Since then, she has provided a mix of remote and virtual clinics and found been both advantages and disadvantages to this new way of working.
Virtual communication tools such as Attend Anywhere and the secure patient portal and email platform, Patient Knows Best give some patients and families greater choice and flexibility. Others, however, are unable to access them.
Louise said: “It’s not about people’s age, it’s about their ability and what technology they have at home. Sensory issues are hard to deal with – whether someone has cognitive issues, whether they are deaf or have speech issues.”
Louise said she has adapted the way she conducts consultations. During virtual clinics, she uses more assessment tools, emailed or posted prior to the appointment, than before.
“It makes it easier for me to understand what the patients’ problems are, especially the non-motor sympoms such as anxiety and depression, and visual hallucinations.”
Louise also finds she has more time with people virtually then she would face-to face, which means she can “dig a little deeper”.
“Patient feedback has been great. They are thrilled to bits that we’ve still got a service going, that they’re still being seen, and that I’m spending a lot more time with them.
“And because our conversations tend to be more in depth, and it’s not only about the Parkinson’s. It’s about their lifestyle and lifestyle choices and I can signpost them to a variety of online sources,” said Louise.
New patients are now being referred to an initial one-to-one session with Louise, but she still feels they have unmet needs.
“The biggest problem is that they’re missing out on networking with other patients, on the group exercises, and on all the information that goes on around our education programmes,” she said.
Communication and learning
Communication with care homes, community pharmacies, primary care, and mental health services have all improved drastically during the pandemic, resulting in more holistic management. COVID-19 has also presented an opportunity to discuss advanced care planning, said Louise.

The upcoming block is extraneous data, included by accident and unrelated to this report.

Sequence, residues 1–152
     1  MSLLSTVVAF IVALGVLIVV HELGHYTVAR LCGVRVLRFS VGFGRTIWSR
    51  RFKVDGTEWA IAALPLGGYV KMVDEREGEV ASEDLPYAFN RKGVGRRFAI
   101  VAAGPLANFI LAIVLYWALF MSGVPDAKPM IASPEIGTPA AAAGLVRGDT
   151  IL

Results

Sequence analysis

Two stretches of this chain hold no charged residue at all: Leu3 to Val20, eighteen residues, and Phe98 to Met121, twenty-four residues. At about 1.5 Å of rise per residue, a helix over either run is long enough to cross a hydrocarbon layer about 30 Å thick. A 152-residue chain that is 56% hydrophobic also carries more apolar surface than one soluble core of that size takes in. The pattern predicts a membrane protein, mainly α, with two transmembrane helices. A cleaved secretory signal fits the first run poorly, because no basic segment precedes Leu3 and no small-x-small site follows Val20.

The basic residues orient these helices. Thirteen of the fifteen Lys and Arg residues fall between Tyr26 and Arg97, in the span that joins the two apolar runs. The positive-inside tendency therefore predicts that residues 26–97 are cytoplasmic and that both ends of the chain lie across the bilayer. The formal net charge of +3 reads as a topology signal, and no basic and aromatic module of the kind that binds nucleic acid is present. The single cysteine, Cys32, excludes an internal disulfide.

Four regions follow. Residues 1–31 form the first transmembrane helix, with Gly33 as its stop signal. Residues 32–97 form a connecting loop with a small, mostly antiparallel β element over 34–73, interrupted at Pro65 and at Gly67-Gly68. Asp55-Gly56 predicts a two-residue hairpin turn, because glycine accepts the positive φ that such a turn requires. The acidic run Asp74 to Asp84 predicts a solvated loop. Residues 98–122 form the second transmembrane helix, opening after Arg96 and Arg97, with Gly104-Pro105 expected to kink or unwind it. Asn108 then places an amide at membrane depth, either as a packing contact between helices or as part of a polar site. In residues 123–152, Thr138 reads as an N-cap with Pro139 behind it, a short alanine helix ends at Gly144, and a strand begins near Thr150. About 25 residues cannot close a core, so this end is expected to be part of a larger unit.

While the pandemic has forced some changes that have the potential to improve future care, this is not true across the board. For example, Louise raised concerns about the future of healthcare professional education and support.
“Webinars are great and really informative, but you can get fatigued by online courses – sitting all day in front of a computer listening to sessions can be quite tiring,” she said.
“Most of all, we all need to look after each other and our own wellbeing, and we still need to network.”
The second session of this webinar will be available to watch in due course.
Our Parkinson’s COVID-19 webinars are available on SoundCloud:
This webinar has received sponsorship from AbbVie Ltd. The first session in the webinar is designed and delivered by the Parkinson’s Academy and sponsored by AbbVie Ltd; the sponsor has had no input into the educational content or organisation of the session. The second session is a satellite symposium that is designed and delivered by AbbVie Ltd.
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Parkinson's Academy, our original and longest running Academy, houses 17 years of inspirational projects, resources, and evidence for improving outcomes for people with Parkinson's. Led by co-founder and educational director Dr Peter Fletcher, the Academy has a truly collegiate feel and prides itself on delivering 'the stuff you can't get from books' - a practical learning model which inspires all Neurology Academy courses.